Collaborative compositions spinning off a sphere of technical knowledge
This PhD thesis presents and documents a collaborative project from the perspective of a cellist (the author) working with ten composers. The submission consists of an artistic portfolio of video performances of completed compositions, completed scores and a written commentary. The commentary includes a case study for each composer. There is an additional film showing and explaining the techniques described for each piece and how they have been developed. The compositions are invited variations on Benjamin Britten’s Tema.
Many commentaries on collaborative practice involving composers and performers take as a starting point the concept of ‘building an instrument’ as described by Helmut Lachenmann in his paper Philosophy of Composition – Is There Such A Thing? He states that this ‘concerns immediate creative practice, by which I mean the concrete process of composition, i.e. the temporarily-articulated handling of sound-resources and/or sound-matter.’ For example, Tanya Orning observes that his piece Pression removes everything the audience knows about the cello and invites them to listen to it in a completely reimagined way. ‘In this respect, we can say that Lachenmann has liberated not only the sounds, but also the instrument and the performer from the weight of the history of the cello.’ In this piece, only one note is played in a learned, traditional way. From one perspective this is utterly fascinating – the possibilities for each instrument become endless.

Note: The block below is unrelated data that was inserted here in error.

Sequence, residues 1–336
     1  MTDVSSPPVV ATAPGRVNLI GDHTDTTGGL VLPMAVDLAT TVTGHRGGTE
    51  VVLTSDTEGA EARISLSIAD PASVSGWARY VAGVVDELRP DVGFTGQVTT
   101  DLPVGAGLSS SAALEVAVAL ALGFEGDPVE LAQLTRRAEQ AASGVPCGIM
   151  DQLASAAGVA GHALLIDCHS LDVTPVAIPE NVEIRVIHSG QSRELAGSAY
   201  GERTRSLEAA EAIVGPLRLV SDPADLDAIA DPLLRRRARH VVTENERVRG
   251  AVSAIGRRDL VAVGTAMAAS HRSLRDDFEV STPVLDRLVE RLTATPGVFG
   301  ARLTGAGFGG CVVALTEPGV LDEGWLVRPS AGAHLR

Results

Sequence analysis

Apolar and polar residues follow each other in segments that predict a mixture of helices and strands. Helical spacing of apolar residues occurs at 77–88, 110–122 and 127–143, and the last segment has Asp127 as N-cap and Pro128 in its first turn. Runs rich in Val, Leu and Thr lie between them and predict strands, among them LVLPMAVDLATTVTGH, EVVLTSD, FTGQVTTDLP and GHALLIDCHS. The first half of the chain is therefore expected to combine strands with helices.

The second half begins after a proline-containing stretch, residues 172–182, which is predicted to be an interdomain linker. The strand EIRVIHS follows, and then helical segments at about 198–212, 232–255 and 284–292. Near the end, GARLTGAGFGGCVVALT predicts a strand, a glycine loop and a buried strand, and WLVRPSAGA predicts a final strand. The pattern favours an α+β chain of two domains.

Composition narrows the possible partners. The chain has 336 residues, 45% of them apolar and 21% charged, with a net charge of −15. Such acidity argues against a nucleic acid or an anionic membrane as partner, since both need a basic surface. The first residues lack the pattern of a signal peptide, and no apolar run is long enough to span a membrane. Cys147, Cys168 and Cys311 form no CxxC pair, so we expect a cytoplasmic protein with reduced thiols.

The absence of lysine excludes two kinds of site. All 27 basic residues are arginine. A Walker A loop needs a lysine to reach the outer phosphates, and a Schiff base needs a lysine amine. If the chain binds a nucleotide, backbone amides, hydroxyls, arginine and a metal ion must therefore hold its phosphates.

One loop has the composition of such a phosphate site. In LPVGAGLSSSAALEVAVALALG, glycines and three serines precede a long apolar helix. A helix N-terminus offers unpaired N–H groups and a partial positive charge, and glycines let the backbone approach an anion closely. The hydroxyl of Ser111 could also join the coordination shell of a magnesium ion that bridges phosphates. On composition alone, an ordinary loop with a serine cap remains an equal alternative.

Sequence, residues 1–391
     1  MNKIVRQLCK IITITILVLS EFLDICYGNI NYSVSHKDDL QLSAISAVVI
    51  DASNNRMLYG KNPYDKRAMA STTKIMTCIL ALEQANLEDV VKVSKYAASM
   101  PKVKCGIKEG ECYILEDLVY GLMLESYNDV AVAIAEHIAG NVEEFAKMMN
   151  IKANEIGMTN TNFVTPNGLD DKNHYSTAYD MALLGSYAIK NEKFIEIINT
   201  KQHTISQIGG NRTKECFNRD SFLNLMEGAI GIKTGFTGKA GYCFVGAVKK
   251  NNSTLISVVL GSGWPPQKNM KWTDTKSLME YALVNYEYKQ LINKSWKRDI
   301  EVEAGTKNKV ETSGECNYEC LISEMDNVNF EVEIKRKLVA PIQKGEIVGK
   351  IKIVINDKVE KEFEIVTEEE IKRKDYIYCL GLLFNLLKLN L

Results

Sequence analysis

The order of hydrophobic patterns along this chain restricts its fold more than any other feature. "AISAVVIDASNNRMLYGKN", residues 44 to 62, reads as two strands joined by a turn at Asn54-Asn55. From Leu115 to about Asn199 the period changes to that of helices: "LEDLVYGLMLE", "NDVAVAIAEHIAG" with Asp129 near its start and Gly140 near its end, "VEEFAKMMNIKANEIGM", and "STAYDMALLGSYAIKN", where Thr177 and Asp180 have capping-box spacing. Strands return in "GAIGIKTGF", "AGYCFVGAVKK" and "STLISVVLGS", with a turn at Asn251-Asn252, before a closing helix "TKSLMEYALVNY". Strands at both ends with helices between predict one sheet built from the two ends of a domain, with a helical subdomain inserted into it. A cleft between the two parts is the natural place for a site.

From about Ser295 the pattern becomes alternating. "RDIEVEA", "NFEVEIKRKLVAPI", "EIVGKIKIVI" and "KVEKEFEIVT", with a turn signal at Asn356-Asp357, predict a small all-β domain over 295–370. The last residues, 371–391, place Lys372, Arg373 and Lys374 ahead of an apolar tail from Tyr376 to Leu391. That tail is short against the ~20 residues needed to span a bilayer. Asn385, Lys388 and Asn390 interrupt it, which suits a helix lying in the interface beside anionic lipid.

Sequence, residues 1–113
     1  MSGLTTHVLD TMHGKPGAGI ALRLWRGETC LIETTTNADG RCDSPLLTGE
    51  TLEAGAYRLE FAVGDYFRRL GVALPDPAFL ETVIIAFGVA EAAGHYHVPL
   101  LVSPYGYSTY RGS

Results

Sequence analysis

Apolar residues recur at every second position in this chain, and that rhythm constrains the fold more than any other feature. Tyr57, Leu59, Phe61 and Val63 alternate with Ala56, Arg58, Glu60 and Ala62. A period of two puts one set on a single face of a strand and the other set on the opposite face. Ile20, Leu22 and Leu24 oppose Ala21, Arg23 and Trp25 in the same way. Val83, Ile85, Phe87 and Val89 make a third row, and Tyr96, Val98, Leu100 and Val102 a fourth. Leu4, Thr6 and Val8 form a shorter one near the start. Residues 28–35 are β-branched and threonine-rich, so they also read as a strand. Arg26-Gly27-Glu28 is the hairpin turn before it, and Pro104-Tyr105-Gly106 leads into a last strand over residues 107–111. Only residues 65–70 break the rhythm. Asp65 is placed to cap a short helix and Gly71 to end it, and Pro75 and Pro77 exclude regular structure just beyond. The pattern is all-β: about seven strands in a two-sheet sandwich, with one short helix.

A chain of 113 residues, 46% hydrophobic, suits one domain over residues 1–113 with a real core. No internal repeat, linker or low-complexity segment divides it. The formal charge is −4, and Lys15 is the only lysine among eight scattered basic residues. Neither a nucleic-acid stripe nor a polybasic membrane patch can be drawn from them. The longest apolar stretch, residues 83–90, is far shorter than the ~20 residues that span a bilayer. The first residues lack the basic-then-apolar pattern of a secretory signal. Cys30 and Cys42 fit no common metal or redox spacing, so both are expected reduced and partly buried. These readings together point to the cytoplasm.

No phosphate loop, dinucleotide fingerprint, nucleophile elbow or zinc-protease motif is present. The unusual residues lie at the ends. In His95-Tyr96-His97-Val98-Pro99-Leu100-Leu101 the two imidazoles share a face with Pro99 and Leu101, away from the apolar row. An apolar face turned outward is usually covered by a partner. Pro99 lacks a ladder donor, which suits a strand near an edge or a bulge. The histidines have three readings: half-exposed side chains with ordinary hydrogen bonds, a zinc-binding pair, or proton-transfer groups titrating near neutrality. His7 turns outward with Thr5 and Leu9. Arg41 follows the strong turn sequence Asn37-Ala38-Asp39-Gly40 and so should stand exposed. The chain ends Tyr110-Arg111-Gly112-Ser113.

This project begins with an opposing, but no less real, viewpoint. Having observed a frustration within professional music practice that contemporary music and the conceptions of instruments often proposed by composers sit in conflict with professional-level musical training, this project draws on the metaphor of the ‘uncanny valley’ to consider why such a frustration exists. It proposes a different conception of ‘building an instrument’ that is based on an accumulation of technical knowledge rather than its re-invention. Benjamin Britten’s Tema is used as a model for the ‘sphere of technical knowledge’, and is thus a starting point for composers to add to and develop this knowledge.
The resulting compositions are no less innovative than those that attempt to reinvent the instrument. The analysis of collaborative processes aims to explain techniques that are derived from extensions of learned technical knowledge, rather than from reinvention. It is hoped that the project will act as a model for developing new music for cello in the future.
Header Image Credit: Federico Mattia Papi